Everyone's got an opinion. You're on the outside looking in, but you just want to win, casualties be damned. Feelings be damned. Truth be damned.
There are only two options. Pick one.
1) Transgenders deserve the right to pee in whatever bathroom they want.
2) Letting transgenders pee in whatever bathroom they want means my kid might get molested.
Hearing these two options, most people choose a side quickly and fiercely, as if they have some kind of stake in the matter. Looking at that list of options, quite frankly, I would tend to agree with Option 1. That seems logical. Who cares what bathroom people pee in?! Plus, Option 2 seems unlikely, not to mention the fact that correlating transgenders with sexual assault is just wrong. And, as I'm sure we've all been hearing, we've already peed in the same bathroom as a transgendered person. It happens all the time. And it's fine.
Which is true.
But here's the deal. There is a third side to this. A side that is apparently "not what you need to be afraid of" because, as we all know, out of the 1 in 10 children that are sexually assaulted, close to 90% of them are molested by someone they know. It's the creepy uncle we need to be afraid of. Or the nosy neighbor. Or the naughty teacher. "Stranger danger" is just some cliche, and we need not fear, because ONLY 10% of them get molested by strangers, and I mean, really, no one gets molested in a public bathroom.
Well, except me.
April 17, 1996. 2:40 pm. I was 11 years old. I was wearing black jeans and a red sweater and my green Wednesday panties. I was at school. I left Mrs. Osborne's math class early to use the bathroom. A guy had already snuck in and was hiding in one of the stalls. He waited until I was alone...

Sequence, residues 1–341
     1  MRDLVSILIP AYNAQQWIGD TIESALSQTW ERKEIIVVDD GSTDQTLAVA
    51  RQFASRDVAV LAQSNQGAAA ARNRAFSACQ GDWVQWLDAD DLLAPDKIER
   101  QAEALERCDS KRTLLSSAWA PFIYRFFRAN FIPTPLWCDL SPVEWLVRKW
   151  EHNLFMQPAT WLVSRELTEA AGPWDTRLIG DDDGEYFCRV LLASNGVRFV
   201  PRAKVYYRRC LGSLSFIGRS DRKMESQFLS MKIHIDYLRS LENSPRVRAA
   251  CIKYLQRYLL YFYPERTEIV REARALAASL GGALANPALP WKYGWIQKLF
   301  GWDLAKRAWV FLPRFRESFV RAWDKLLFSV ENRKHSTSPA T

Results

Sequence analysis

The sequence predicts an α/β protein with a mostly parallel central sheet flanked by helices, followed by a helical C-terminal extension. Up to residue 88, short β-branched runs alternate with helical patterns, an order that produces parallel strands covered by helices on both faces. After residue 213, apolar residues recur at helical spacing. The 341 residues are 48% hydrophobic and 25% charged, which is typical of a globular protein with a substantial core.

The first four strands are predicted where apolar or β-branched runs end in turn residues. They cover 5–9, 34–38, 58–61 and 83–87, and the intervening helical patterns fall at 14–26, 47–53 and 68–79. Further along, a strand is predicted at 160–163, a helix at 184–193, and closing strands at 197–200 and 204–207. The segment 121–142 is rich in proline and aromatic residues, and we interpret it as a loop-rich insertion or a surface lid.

And I've spent the last twenty years checking every bathroom stall to make sure no one else is waiting for me. I've spent the last twenty years having flashbacks of a boy with a blue washcloth over his face and a gun to my head telling me not to scream as I undressed. And it's been twenty years since I've been able to wear day-of-the-week underwear.
I'm not telling you this so we can have some silly pity party. This isn't easy or fun for me to talk about, but I'm ok. And I won't let someone tell me to keep quiet again. I swore a long time ago I would do what it takes to speak up for the kids like me who didn't get to have a voice when their innocence was stolen from them.
It's not fair to call me a statistic. It's not right to say that because I am in the minority, I don't matter. Isn't that what you are trying to argue against anyway? Discrimination against the minority?!
Who are you really trying to protect?
Yourself maybe? Does it look better to choose a certain side? Do you work with people who chose a certain side? Do you get better blog ratings if you choose a particular side? And it goes both ways. I'm not pointing my finger at one or the other.
So what if I choose neither side?
Because this situation is bigger than peeing, and it is not about discrimination. It really isn't. I don't have a problem with transgenders using any bathroom they want. I know you just want to pee. Hell, I wish that guy hiding in that stall in April of 1996 was a transgender. Cause then HE WOULDN'T HAVE WANTED TO MOLEST ME. I do not hate transgender people. At all. And if you know me, you know that's the truth.
My problem is with the idea of calling out a specific policy to the public in general that may allow for a pedophile to use it to his advantage. In my mind, even the possibility that one more kid could be hurt the way I was hurt FAR outweighs whatever damage there is in having to pee in a different bathroom. I'm sorry, but it does.
Tell me if I'm missing something, but I have been racking my brain about this, and I really can't see how peeing matters more than this. Even if the chance of a pedophile taking advantage of this policy is small, minuscule even, why take that chance? I can tell you first-hand that it just isn't worth it. My life has been affected every single day because of what happened to me. I wouldn't wish that on anyone.
I still don't know what the answer is, to be honest. I just know that it isn't fair to say it's only about peeing, or only about discrimination. Whatever it is, it isn't just that. And it isn't just because of hate or disregard for "inclusivity." There is probably a third side to every story, something I am just now learning, and I hope from now on we can try to see that side too. Because it really does matter. It may only matter to 10% of us. But it still matters.